Considering the above factors, “one-size-fits all” strategy has obvious limitations for post-PCI patients, and more attention should be paid to personalized antiplatelet therapy according to individual’s hypercoagulability and antiplatelet effects of P2Y12 receptor inhibitors.
It is well known that many factors could affect the on-treatment platelet reactivity, including modifiable factors, such as smoking, high body mass index, drug interactions, as well as non-modifiable factors, such as genetic polymorphisms, age, sex, and chronic kidney disease (14). Besides, both ischemic risk and bleeding risk should also be taken into consideration when choosing antiplatelet drugs for CAD patients. All these factors could contribute to contemplate strategies of tailored antiplatelet regimens that included the use of more potent P2Y12 inhibitors (14). According to our results, strengthened antiplatelet therapy should be considered in patients with higher ischemic risk and relatively lower bleeding risk. Prasugrel and ticagrelor, as newer P2Y12 receptor inhibitors, could reduce the thrombotic events without significantly increased bleeding events compared with clopidogrel (15,16). Studies also confirmed that few ACS patients (about 3.98%) using ticagrelor were in MAADP >47 mm (17). Accordingly, current clinical guidelines recommended a potent P2Y12 inhibitor (prasugrel or ticagrelor) as a preference to clopidogrel for ACS patients (18). Nevertheless, high on-treatment platelet reactivity also observed in patients with prasugrel and ticagrelor, which correlated with the occurrence of ischemic events (19). Therefore, more exploration is needed in the individualized antiplatelet medication.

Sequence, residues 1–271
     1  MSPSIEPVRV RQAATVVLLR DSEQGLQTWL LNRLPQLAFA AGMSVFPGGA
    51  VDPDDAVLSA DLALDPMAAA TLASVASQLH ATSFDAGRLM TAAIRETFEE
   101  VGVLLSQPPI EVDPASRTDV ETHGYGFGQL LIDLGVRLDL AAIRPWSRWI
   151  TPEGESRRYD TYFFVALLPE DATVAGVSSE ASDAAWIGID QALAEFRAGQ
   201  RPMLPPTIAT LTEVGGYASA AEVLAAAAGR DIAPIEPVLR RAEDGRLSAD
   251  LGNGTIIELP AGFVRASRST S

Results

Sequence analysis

Inevitably, there are some limitations in this study. First, this is a single-center observational study. Nevertheless, this study was the first to explore different hypercoagulability and antiplatelet effects of clopidogrel among different manifestations of post-stent patients using TEG. Second, the incidence of thrombotic events and bleeding events were not reported, as the long-term follow-up was not conducted in this study. Moreover, the risk factors associated with hypercoagulability and antiplatelet effects of clopidogrel in ACS patients were not evaluated, and the corresponding stratified analysis was not performed. Therefore, a large prospective multicenter, randomized controlled trial is necessary to further validate the present results.
This study suggested that various degrees of hypercoagulability and antiplatelet effects of clopidogrel existed among OMI, UA, NSTEMI and STEMI patients undergoing PCI. Highest level of MAthrombin and MAADP was observed in STEMI patients. Therefore, more attention should be paid to personalized antiplatelet therapy according to individual’s hypercoagulability and antiplatelet effects of P2Y12 receptor inhibitors.